Because most studies have reported that the body fatness of Asians is greater than that of whites, it is not surprising that the sensitivity of overweight among Asian children is relatively low. Many “normal-weight” Asian children have high levels of %body fat, and of the Asian girls with excess body fatness, only 50% (vs. 89% of black girls) were overweight. However, the positive predictive value for overweight was also low among Asians: only 67% (22/33, boys) and 62% (8/13, girls) of overweight Asian children had excess body fatness. Although positive predictive values can be influenced by the prevalence of excess body fatness, we do not think these differences account for our findings. The prevalence of excess body fatness among Asian girls (10%) and white girls (13%) were fairly similar in this study.
Our results indicate that the low positive predictive value among Asian children arises because overweight Asian children have less (∼2–3%) body fatness than do overweight white children (Table 2, Figure 2). It is the “crossover” in body fatness, with normal-weight Asian children have more body fatness, but overweight Asian children having less body fatness than white children (at a similar BMI-for-age) that leads to low levels of both sensitivity and positive predictive value among Asian children. Although most investigators have examined only mean (overall) differences in body fatness, some previous results are in agreement with these findings. The excess body fatness of Japanese adults was most evident at lower BMI levels (33), and the decreased body fatness of Polynesian adults was most pronounced at high BMIs (36).
Rather than using BMIs of 25 and 30 kg/m2 for overweight and obesity among adults, it has been suggested (11,12,13) that these cut points should vary by race/ethnicity to account for differences in (i) the relation of BMI to body fatness, (ii) susceptibility to obesity-related diseases, and (iii) fat distribution (37). Our data cannot address the latter two possibilities, but if racial/ethnic differences in body fatness among adults also vary by BMI (as we observed among children and adolescents), it may be difficult to derive BMI cut points that result in equivalent levels of body fatness among whites and Asians. Although our results were based on relatively small numbers of overweight children within each race/ethnicity, we found that overweight Asian children had lower levels of %body fat than overweight white children. A lower BMI-for-age cut point among Asian children, such as the CDC 85th percentile, substantially increased the sensitivity, but decreased the positive predictive value from ∼65 to 40% (data not shown). In attempting to derive race-specific BMI cut points, the possibility that mean differences in body fatness may not be applicable to overweight and obese persons should be considered.
There are several limitations to this study. Although the overall sample was large (n = 1,104), there were relatively few overweight children within each race/ethnic group. Furthermore, the sample was not randomly selected and is not representative of the general population; subjects were recruited through newspaper notices, announcements, and word of mouth. However, we have found previously (38) that the BMIs of children in this sample differ only slightly from levels in the National Health and Nutrition Examination Survey. In addition, although DXA estimates of adiposity are highly correlated with those from the criterion four-compartment model, there can be substantial differences in estimates of body fatness (39,40,41,42). However, whereas the use of densitometry and other techniques that assume a constant fat-free mass density can lead to be biased estimates of %body fat among blacks and Asians (43,44,45), the errors associated with DXA do not systematically differ by race/ethnicity (40,41). In addition, there is no widely accepted classification of “excess adiposity” among children, and our internal cut points, based on the distribution of body fatness in our sample, contrasts with the external criteria used to classify overweight (CDC 95th percentile of BMI-for-age). It should also be realized that although BMI-for-age (along with age and race) accounts for much of the variability in body fatness, there can be large errors in the prediction of the %body fat of an individual.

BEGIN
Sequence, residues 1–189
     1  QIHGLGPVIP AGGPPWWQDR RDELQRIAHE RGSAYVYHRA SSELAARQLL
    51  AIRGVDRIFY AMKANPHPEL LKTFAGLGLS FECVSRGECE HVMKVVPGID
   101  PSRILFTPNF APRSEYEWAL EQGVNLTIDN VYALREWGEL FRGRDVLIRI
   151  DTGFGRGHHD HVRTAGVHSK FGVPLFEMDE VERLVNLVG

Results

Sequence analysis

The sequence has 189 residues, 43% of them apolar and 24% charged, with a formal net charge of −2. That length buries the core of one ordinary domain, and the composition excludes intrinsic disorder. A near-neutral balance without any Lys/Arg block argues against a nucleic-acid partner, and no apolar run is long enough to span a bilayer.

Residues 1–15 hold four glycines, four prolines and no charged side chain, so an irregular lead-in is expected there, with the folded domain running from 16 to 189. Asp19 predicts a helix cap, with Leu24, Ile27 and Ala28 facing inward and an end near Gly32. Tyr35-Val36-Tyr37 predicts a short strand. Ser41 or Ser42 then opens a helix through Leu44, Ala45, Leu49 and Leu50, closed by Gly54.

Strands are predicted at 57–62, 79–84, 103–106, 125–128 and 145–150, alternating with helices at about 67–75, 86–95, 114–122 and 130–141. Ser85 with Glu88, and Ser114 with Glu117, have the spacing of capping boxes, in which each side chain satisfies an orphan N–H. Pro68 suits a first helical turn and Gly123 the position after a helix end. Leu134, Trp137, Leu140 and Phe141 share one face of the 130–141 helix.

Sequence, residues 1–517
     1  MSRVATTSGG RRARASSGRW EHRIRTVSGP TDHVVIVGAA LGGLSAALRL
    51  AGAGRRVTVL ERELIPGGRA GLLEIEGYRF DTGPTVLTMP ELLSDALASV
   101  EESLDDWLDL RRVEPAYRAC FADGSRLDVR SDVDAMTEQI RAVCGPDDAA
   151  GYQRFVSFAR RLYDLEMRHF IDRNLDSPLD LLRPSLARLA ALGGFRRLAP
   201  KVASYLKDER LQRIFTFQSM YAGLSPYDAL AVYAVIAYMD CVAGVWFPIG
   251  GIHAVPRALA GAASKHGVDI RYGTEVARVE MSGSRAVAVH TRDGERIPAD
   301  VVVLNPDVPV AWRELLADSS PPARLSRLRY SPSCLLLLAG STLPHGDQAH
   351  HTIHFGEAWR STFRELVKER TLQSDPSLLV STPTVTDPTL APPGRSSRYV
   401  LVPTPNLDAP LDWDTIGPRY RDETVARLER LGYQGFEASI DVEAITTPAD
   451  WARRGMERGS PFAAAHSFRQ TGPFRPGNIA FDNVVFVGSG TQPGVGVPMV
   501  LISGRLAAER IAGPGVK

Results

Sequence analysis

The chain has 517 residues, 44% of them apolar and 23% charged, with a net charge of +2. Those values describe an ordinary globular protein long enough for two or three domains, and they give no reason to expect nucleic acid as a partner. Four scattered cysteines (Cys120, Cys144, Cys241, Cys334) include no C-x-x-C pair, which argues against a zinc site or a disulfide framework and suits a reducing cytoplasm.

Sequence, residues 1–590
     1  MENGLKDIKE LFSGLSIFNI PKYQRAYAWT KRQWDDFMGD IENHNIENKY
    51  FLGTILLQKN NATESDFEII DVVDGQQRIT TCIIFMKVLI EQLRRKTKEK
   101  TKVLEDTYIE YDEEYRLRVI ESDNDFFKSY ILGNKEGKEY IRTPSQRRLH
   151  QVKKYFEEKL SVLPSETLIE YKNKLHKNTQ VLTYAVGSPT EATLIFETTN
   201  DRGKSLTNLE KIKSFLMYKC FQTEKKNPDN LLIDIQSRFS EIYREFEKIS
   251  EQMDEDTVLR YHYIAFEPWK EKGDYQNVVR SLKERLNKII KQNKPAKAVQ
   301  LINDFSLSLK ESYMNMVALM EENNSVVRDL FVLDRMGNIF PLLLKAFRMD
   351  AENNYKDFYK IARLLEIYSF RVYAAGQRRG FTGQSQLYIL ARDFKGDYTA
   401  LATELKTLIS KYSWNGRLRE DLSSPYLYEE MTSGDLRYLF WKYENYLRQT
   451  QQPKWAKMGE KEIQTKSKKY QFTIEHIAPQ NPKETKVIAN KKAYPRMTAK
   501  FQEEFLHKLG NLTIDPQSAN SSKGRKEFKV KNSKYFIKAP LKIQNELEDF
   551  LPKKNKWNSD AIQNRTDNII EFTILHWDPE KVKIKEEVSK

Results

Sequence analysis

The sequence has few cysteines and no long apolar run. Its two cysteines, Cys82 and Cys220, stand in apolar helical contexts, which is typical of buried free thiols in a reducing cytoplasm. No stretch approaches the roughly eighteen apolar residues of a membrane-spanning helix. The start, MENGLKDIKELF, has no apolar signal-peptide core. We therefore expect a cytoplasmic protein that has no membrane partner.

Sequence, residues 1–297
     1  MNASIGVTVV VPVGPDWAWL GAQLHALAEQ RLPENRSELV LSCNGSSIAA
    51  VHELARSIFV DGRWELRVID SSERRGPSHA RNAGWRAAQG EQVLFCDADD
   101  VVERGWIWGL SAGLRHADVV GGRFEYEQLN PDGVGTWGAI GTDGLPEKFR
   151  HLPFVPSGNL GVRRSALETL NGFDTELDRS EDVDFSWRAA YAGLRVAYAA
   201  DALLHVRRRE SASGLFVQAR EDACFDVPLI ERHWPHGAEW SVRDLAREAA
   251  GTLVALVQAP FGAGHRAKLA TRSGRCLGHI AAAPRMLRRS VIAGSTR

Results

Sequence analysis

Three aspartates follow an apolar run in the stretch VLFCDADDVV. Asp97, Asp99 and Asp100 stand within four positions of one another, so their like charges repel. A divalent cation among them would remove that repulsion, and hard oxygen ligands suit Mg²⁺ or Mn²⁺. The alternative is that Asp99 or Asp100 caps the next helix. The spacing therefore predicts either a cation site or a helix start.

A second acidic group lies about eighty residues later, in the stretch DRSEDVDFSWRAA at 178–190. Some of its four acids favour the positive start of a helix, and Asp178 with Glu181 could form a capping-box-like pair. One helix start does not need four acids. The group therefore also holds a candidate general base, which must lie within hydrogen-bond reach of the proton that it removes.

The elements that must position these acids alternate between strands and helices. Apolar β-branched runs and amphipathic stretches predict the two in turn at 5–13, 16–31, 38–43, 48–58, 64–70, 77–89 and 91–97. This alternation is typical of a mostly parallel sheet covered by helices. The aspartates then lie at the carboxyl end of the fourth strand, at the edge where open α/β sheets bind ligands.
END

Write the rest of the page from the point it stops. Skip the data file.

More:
In summary, the relation of BMI-for-age to body fatness among children and adolescents differs by race/ethnicity. These racial/ethnic differences, however, vary substantially by BMI, and we found that at the equivalent levels of BMI-for-age, overweight Asian children had less body fatness than did overweight white children. Although further study is needed, our results suggest that the application of “average” racial/ethnic differences in body fatness across the BMI distribution may not be appropriate. If race/ethnicity differences in body fatness among adults also vary by BMI, it may be difficult to develop race-specific BMI cut points to identify equivalent levels of %body fat.
The authors declared no conflict of interest.
This work was supported in part by DK 37352. D.S.F. was responsible for data analysis and writing of this article. J.W., M.H., and J.C.T. were responsible for subject recruitment, data collection, and quality control. R.N.P., J.W., M.H., and J.C.T. were responsible for study design. R.N.P. was responsible for overall project supervision. Z.M. was involved in data analysis and revision of this article. W.H.D. and M.H. provided advice and were involved in extensive revision of this article.